Whenever border blockages and snags in the system arrive on the trade horizon, the oncoming disruption it could have for importers and exporters is often felt and feared in the Southern African Development Community (SADC).
This is especially given the SADC Secretariat’s innate ability to add ill-conceived and destabilising checks and balances, admittedly with good intentions, to an already hobbled hinterland network of crossings.
To get a sense of the deep frustration transporters must have of working in the sub-Saharan region, one only has to ask a cross-border NGO such as the Federation of East and Southern African Transporter Associations (Fesarta) about the daily grind going into alleviating congestion, addressing customs disputes, and exposing corruption.
Then of course there’s also Covid-19 and the havoc it continues to unleash on supply chain inefficiencies long-since present across the SADC.
Fear not though as we’re not alone.
Officialdom, it seems, is endowed with the potential to create problems where promise previously prevailed.
In a recent survey by the British International Freight Association (Bifa), freight forwarders gave one of the strongest, consolidated indications yet that Brexit had a partner in the disruption business – the UK government.
According to Bifa, its polls clearly pointed out that freight forwarders were not exactly familiar with what border processes would require of them, nor were they confident that they had the capacity for wholesale import-export changes between the UK and EU.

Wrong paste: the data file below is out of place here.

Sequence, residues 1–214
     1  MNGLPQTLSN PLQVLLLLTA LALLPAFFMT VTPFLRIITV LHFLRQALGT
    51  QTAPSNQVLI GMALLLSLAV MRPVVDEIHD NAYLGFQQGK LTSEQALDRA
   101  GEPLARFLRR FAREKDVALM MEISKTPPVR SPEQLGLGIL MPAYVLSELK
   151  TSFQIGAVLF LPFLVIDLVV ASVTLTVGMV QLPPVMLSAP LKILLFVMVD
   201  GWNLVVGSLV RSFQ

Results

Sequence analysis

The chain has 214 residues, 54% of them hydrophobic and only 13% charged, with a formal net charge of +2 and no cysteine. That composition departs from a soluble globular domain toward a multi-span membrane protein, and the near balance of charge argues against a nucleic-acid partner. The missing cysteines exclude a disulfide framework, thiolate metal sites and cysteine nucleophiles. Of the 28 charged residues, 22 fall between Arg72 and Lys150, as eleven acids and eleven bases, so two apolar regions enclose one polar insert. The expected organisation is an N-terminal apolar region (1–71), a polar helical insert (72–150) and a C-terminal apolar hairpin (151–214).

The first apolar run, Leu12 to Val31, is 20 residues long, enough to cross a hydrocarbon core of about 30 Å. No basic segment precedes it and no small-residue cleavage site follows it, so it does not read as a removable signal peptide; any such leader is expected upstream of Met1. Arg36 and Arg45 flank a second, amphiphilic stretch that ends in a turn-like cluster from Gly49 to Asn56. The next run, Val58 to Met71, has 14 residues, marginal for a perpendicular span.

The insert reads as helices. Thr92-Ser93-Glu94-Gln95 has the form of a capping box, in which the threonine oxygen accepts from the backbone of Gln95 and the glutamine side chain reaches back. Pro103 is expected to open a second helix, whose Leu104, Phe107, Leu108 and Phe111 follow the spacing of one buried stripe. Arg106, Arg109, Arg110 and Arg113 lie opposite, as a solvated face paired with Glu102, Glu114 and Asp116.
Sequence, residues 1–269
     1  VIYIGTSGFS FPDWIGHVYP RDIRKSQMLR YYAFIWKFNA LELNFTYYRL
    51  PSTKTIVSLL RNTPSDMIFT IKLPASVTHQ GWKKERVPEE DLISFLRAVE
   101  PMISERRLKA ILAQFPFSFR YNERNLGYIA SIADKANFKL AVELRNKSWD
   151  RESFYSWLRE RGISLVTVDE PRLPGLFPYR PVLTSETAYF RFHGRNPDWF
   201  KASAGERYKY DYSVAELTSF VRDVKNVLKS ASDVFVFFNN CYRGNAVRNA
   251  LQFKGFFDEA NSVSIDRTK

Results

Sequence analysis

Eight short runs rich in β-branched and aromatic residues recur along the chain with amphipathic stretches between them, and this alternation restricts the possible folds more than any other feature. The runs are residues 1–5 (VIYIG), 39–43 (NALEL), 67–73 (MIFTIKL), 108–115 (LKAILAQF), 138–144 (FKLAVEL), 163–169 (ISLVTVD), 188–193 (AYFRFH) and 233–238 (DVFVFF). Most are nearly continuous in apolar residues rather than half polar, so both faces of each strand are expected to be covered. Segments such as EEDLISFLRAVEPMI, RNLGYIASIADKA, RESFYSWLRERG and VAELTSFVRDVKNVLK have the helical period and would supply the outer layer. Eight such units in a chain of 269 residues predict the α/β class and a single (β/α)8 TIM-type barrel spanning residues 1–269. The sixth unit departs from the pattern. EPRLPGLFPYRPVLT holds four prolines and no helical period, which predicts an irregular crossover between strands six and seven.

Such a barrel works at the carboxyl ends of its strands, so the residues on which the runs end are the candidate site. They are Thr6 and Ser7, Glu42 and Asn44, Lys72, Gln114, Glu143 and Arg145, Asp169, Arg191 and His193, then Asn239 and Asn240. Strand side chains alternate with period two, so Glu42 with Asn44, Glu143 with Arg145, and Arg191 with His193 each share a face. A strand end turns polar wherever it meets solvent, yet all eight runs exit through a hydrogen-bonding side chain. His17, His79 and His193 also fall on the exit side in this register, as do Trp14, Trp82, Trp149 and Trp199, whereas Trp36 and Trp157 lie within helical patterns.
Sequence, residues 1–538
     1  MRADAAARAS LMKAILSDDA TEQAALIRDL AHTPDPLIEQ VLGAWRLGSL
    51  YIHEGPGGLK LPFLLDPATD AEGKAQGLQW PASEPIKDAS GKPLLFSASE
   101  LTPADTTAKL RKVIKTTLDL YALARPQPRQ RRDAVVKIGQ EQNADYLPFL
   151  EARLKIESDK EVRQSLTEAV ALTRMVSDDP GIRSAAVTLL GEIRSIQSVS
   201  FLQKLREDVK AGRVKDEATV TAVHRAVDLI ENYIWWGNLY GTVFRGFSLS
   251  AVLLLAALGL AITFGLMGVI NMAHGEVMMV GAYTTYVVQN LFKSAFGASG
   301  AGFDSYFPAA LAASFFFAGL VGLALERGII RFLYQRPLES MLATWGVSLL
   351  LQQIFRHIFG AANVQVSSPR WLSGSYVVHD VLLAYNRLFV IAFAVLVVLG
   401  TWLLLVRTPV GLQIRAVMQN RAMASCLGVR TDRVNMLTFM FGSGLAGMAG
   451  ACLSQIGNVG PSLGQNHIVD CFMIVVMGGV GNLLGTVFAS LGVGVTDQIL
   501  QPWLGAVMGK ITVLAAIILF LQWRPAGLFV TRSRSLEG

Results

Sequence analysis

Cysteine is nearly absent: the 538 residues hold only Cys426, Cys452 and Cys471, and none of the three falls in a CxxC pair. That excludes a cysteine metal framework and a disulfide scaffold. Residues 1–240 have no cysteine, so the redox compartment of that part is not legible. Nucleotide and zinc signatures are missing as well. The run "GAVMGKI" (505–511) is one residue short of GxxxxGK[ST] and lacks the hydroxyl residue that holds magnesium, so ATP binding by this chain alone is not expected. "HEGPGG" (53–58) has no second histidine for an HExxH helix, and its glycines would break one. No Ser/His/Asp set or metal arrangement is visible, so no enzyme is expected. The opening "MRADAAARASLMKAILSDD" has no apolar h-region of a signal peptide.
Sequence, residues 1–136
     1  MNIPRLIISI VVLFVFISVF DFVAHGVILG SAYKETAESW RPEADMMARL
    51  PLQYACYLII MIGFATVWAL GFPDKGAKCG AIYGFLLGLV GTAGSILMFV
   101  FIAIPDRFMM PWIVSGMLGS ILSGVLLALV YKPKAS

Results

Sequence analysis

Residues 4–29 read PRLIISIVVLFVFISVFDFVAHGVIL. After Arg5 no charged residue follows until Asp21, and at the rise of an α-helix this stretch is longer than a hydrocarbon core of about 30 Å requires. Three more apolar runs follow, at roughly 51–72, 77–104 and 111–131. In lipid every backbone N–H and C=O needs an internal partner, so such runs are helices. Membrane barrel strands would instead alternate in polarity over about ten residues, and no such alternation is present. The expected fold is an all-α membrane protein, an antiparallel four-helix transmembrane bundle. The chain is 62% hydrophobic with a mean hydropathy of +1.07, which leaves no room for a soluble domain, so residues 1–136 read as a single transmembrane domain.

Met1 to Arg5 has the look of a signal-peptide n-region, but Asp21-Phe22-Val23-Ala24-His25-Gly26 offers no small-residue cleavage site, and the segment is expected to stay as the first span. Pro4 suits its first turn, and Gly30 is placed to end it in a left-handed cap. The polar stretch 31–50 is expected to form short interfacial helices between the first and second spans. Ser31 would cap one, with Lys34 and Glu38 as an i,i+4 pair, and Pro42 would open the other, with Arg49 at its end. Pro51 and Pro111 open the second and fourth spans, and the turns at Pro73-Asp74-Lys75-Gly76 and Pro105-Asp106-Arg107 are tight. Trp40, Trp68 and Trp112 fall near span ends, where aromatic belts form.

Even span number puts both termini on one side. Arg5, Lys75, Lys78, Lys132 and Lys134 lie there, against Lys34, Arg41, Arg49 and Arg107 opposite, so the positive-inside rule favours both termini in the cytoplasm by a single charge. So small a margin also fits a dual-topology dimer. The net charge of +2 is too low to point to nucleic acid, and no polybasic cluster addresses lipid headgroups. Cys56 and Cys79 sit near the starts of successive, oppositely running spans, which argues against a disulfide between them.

Consequently, Bifa said the government of Boris Johnson should step up with information that pointedly explained how border processes would work and how freight forwarders were expected to operate in a post-Brexit milieu.
Sixty four per cent of respondents said they would not have the required staff complements to handle additional customs procedures.
Ongoing uncertainty about what the situation will be between the UK and the Irish border, where fluid and unrestricted movement paved the way for cessation of hostilities, also received wide condemnation from an overwhelming section of respondents.
Eighty per cent indicated they had no real idea how imports and exports to the EU and back would be conducted.
According to Alex Lennane of supply chain portal The Loadstar, more than half said they had no familiarity with the Goods Vehicle Management System (GVMS) and more than 66% said the same about the Smart Freight Service and the Trader Support Service for Northern Ireland.
All considered, Bifa director general Robert Keen appealed for “greater clarity” from the British government and remarked that “significant reservations” had been expressed by companies fearing as much as an 80% increase in customs entries.
In perhaps the most alarming revelation by the Bifa survey, it found that 50% of respondents said they had received no communication from government about Brexit.
Of course it does.
It’s a bit like the SADC, spouting “engagement this and that” whenever there’s a lectern behind which to appear important.
However, when it comes to really listening to private sector concerns about intra-regional trade, SADC officials are usually about as engaging as a customs clerk on a hot day at a crossing somewhere on the busy and beleaguered North-South Corridor.